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Atom-thick PV sheets improve solar cells

Posted: 28 Jun 2013 ?? ?Print Version ?Bookmark and Share

Keywords:solar cell? conversion efficiency? graphene? molybdenum disulfide? photovoltaic?

A team of researchers has gone beyond increasing the energy conversion efficiency of solar cells or reducing manufacturing costs. Now, they are trying to develop the thinnest and most lightweight solar panels possible.

Such panels, which have the potential to surpass any substance other than reactor-grade uranium in terms of energy produced per pound of material, could be made from stacked sheets of one-molecule-thick materials such as graphene or molybdenum disulfide.

Jeffrey Grossman, the Carl Richard Soderberg Associate Professor of Power Engineering at the Massachusetts Institute of Technology (MIT), said the new approach "pushes towards the ultimate power conversion possible from a material" for solar power. Grossman is the senior author of a new paper describing this approach.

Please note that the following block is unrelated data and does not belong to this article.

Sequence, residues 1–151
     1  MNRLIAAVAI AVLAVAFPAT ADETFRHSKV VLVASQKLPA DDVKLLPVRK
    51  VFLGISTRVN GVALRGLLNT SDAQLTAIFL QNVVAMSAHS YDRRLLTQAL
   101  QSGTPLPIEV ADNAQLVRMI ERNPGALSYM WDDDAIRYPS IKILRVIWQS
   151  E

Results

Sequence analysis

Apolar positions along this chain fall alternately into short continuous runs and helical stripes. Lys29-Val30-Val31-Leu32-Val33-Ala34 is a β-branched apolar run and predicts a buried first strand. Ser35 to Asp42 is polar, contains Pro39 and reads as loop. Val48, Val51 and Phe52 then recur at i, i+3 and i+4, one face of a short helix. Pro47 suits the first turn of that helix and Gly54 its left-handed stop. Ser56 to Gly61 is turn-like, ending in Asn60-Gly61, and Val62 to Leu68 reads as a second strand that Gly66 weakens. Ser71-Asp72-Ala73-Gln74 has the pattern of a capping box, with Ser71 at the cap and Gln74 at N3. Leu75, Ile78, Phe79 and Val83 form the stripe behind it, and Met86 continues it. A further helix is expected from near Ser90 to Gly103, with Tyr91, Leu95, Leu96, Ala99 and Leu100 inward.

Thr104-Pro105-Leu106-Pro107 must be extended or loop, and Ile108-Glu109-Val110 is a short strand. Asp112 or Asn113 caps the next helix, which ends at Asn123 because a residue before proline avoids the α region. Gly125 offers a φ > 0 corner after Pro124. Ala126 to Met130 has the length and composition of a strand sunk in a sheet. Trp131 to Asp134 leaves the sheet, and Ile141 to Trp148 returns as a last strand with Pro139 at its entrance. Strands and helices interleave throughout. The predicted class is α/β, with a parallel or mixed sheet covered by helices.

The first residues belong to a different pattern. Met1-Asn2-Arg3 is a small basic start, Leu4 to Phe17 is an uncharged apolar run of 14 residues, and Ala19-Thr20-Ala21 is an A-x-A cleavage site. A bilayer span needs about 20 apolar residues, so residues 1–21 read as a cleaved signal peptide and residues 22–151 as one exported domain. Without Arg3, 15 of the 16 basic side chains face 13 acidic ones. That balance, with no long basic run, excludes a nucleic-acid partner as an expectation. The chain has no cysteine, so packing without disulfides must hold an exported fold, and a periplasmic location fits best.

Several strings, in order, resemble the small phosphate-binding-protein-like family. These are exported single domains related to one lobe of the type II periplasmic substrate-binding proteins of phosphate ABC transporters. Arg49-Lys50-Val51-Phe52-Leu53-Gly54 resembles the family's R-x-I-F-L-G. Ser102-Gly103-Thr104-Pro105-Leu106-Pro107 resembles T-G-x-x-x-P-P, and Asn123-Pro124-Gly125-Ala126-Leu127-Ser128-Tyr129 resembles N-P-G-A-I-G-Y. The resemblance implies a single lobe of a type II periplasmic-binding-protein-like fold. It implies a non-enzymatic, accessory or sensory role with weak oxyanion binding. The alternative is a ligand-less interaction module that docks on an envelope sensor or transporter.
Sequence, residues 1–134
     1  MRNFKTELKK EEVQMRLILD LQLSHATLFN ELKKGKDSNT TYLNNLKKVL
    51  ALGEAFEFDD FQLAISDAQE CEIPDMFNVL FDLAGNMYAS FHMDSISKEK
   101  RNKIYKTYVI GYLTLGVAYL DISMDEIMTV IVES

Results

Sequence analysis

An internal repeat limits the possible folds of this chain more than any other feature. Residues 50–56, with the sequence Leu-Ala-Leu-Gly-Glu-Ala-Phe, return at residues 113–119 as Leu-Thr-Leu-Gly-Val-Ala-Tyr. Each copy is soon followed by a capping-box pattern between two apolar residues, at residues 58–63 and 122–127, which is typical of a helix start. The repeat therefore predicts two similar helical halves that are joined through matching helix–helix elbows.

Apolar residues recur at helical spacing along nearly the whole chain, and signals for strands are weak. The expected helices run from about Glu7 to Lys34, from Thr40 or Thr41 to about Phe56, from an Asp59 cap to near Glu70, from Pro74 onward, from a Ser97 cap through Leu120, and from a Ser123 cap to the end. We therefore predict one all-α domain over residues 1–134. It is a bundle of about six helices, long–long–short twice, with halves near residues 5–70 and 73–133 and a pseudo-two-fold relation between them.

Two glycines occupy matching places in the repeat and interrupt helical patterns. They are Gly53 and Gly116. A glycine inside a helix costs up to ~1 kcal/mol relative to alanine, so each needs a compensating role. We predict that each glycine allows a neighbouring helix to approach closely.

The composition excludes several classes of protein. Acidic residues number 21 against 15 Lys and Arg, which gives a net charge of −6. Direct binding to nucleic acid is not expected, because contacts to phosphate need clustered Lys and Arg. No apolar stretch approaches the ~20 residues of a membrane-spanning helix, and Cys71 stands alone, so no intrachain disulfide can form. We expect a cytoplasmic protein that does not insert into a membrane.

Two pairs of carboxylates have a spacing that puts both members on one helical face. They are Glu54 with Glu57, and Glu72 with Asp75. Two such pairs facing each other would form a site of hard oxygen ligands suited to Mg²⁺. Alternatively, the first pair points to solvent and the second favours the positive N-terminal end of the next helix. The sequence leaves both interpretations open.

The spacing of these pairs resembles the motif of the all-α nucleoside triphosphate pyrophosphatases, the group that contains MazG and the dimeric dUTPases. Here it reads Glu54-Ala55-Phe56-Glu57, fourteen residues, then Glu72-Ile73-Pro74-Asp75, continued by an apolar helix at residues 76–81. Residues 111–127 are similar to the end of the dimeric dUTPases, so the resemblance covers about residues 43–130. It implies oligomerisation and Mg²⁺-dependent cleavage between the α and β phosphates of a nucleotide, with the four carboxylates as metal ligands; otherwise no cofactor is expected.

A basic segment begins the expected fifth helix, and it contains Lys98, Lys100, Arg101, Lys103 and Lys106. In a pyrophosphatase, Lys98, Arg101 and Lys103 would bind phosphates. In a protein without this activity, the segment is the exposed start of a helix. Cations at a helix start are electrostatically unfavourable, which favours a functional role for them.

Graphene and molybdenum disulphide sheets

Figure 1: Graphene and molybdenum disulphide sheets together are thousands of times thinner than conventional silicon solar cells.

Although scientists have devoted considerable attention in recent years to the potential of 2D materials such as graphene, Grossman said, there has been little study of their potential for solar applications. It turns out, he continued, "they're not only OK, but it's amazing how well they do."

Using two layers of such atom-thick materials, Grossman said, his team has predicted solar cells with 1-2 per cent efficiency in converting sunlight to electricity, That's low compared to the 15-20 per cent efficiency of standard silicon solar cells, he noted, but it's achieved using material that is thousands of times thinner and lighter than tissue paper. The two-layer solar cell is only 1nm thick, while typical silicon solar cells can be hundreds of thousands of times that. The stacking of several of these 2D layers could boost the efficiency significantly.

"Stacking a few layers could allow for higher efficiency, one that competes with other well-established solar cell technologies," indicated Marco Bernardi, a postdoc in MIT's department of materials science who is the lead author of the paper. Maurizia Palummo, a senior researcher at the University of Rome visiting MIT through the MISTI Italy programme, was also a co-author.


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